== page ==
The Human Family Tree

January 24th, 2011

Lately I’ve been fascinated with the story of ancient human migration. I came upon the book Mapping Human History by Steve Olson at my local book store and was about half way through it when my best friend Netflix recommended the National Geographic documentary The Human Family Tree to me.  Sometimes I think that Netflix is not only my best friend, but also God.  There are some striking similarities…

God – Knows everything about me.

Netflix – Also knows everything about me.

God – Is my best friend.

Netflix – Also is my best friend.


And since I wholly trust in my bestfriend/God/Netflix and lean not on my own understanding, I watched The Human Family Tree and then I made my four sons watch it.  Yes, I made them watch it.  I also make them wear their seat belts, eat their veggies and brush their teeth.  I know – so controlling!

I cried at the end of this film.  I found it to be very emotional.  My sons did not cry.  They were only relieved and anxious to get back to their demanding regimen of video games, followed by facebook, followed by texting and then back to video games.  But hopefully they learned something anyway.

Basically the film explains how we can trace our ancestry back to one woman who lived in Africa.  She is known as Mitochondrial Eve.  She is not a hypothesis.  She is a mathematical certainty.  Mitochondrial Eve was not ‘the first woman’.  There were plenty of other women around when she existed and there would have been an entirely different Mitochondrial Eve when ‘our Mitochondrial Eve’ existed, but the female progeny of the other Mitochondrial Eves have all died out. It’s a bit hard to grasp if you have a mind punctured with four holes (where the babies came out). For a somewhat clearer explanation - click here.

The above map shows the migration routes that various groups of humans took on their way out of Africa. The film follows several individuals as they discover the route that their ancestors took.  A simple cheek swab collects the necessary DNA and places a person in a ‘haplo group’ based on the mutations that occur in their mitochondria.

I would love to get my own DNA tested and find out the migration to which I belong. Test kits are available. They are not cheap, but it would be interesting to know how my ancestors made their way out of Africa.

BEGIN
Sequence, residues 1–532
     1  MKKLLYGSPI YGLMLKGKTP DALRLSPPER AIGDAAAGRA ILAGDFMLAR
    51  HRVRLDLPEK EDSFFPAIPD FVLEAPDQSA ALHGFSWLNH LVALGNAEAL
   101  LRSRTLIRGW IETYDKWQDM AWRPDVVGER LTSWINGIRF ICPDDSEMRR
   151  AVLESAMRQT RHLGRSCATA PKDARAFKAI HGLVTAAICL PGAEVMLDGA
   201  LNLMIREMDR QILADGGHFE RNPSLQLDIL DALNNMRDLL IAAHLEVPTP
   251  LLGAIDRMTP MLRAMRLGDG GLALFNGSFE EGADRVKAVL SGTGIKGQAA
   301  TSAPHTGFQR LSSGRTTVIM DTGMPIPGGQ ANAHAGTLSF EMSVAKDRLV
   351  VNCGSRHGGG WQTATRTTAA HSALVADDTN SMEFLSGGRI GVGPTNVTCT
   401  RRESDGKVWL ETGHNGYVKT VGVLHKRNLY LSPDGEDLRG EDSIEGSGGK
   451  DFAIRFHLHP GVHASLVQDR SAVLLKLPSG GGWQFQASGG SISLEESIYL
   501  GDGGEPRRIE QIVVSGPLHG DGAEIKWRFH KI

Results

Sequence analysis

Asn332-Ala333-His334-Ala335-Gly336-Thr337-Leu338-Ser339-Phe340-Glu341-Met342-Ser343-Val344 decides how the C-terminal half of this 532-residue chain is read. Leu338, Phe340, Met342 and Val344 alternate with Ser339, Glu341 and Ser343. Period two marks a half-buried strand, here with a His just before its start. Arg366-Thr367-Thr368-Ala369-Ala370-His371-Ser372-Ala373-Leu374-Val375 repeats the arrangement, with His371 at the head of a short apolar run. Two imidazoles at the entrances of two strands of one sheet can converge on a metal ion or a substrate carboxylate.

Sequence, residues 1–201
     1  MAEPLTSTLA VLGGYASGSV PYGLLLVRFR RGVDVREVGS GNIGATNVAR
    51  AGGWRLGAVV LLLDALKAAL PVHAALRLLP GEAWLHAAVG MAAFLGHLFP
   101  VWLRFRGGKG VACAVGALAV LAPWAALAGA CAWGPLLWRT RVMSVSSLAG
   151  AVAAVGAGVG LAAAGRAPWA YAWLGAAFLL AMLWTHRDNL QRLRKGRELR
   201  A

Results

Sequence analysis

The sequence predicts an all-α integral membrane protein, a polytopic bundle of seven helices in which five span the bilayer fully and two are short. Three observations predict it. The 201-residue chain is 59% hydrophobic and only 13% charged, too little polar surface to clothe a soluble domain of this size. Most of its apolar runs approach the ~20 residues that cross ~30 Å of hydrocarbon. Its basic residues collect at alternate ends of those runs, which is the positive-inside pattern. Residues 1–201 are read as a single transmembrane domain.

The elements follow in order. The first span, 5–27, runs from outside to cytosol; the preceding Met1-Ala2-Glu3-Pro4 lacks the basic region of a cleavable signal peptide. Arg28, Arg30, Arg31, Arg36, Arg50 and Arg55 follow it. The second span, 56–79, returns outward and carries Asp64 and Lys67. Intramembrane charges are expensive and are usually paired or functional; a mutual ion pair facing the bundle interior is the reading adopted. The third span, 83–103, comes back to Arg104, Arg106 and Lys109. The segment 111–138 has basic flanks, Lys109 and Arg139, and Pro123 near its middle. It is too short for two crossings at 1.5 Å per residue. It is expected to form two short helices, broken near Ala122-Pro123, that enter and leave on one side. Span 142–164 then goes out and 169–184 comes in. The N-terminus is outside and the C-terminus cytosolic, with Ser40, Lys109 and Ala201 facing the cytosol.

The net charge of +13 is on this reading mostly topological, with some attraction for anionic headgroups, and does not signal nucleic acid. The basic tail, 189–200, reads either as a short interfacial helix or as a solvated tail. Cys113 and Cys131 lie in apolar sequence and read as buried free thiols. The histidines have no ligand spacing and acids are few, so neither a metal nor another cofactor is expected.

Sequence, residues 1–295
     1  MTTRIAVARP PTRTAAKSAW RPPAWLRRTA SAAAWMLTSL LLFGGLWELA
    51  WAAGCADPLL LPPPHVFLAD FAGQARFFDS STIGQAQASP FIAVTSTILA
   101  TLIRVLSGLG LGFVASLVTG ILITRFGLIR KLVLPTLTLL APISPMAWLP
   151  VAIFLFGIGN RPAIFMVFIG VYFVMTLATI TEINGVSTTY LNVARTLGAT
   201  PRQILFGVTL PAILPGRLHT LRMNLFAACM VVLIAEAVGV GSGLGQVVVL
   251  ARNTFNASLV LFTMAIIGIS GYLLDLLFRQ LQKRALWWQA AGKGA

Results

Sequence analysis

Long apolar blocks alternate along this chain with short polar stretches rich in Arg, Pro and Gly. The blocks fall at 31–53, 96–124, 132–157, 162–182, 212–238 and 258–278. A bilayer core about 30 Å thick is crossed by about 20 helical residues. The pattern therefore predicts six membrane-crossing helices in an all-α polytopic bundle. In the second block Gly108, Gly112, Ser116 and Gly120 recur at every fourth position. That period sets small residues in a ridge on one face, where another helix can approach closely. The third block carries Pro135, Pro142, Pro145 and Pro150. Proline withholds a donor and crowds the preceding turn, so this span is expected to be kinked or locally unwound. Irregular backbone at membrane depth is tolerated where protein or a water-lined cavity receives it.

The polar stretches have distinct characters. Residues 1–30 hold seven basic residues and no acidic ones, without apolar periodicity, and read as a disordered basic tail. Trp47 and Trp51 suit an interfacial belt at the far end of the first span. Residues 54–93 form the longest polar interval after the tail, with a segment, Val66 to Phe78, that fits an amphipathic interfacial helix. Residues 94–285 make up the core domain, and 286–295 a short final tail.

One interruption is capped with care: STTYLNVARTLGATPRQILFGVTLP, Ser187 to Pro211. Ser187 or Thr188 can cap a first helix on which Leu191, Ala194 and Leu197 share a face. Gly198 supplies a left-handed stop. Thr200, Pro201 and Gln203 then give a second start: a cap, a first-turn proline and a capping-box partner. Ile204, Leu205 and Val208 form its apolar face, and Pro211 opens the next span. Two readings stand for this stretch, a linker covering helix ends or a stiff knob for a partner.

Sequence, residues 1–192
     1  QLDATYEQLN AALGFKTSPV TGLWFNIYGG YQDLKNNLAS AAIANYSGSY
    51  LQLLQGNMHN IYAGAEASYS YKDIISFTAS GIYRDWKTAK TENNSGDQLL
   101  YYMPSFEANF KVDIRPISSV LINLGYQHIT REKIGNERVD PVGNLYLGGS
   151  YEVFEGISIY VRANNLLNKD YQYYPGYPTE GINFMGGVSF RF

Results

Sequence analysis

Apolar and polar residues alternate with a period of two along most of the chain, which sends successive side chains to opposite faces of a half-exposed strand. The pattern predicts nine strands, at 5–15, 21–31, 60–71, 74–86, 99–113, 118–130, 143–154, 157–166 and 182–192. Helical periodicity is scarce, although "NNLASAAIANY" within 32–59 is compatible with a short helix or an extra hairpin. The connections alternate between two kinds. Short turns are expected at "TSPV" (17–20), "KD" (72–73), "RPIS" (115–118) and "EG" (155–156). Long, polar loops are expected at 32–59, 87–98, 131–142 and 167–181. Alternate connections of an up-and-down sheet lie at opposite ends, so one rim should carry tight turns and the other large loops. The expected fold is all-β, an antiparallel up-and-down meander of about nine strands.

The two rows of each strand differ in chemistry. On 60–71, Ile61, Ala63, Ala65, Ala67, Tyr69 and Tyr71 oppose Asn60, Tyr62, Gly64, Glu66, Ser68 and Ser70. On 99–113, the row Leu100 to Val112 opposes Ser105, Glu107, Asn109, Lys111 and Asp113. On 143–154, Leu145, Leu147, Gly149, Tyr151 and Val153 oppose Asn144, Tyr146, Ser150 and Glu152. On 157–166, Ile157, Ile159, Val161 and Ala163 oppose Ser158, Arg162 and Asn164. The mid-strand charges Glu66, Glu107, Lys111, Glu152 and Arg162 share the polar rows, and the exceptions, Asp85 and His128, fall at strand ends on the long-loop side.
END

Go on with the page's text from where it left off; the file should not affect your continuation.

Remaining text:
It’s a good film.  Gather some kids around and make them watch it.


  • Erp:

    Actually the progeny of the other women have not died out; however, they have left no matrilineal only descendants (some would be mothers of the mEve’s daughters’ spouses, some grandmothers of mEve’s matrilineal granddaughters’ spouses, and so on).

    • Rechelle:

      I stuck in an extra ‘female’ to a sentence to make it read a bit differently. Perhaps it is now right? I still don’t really get the whole mitochondria eve thing. My brain… it is mostly gelatinous.

  • JudyB:

    Last winter we were at an exhibit at National Geographic in DC, and while going through the gift shop saw a display about the DNA testing. Four of us were ready to buy it…but they were sold out! I had forgotten about it. May have to splurge and order a kit. My husband and I would both love to know what our ancestors journey has been.

  • annmarie:

    I bought that mapping human history book for my kids a few months ago. Really I bought it for myself as I am enthralled with this topic and always have been. Thank you for the recommendation on the video, although I admit I still don’t have netfilx so I don’t know how else to get the video.

  • theresa:

    Netflix= aims to please you
    God= not so much

  • Shelly:

    For annmarie: Go to the public library for the video. If your local library doesn’t own it, they can borrow it from another library. Back to topic: I’ve added this book to my list of books to read.

  • Lynn, here in Minnesota, does this kind of testing and then makes art based on the results….

  • susan:

    I saw that documentary about a year ago and it is fascinating. Those idiots who are bigoted should see it but I have lived long enough to know their tiny minds remain closed.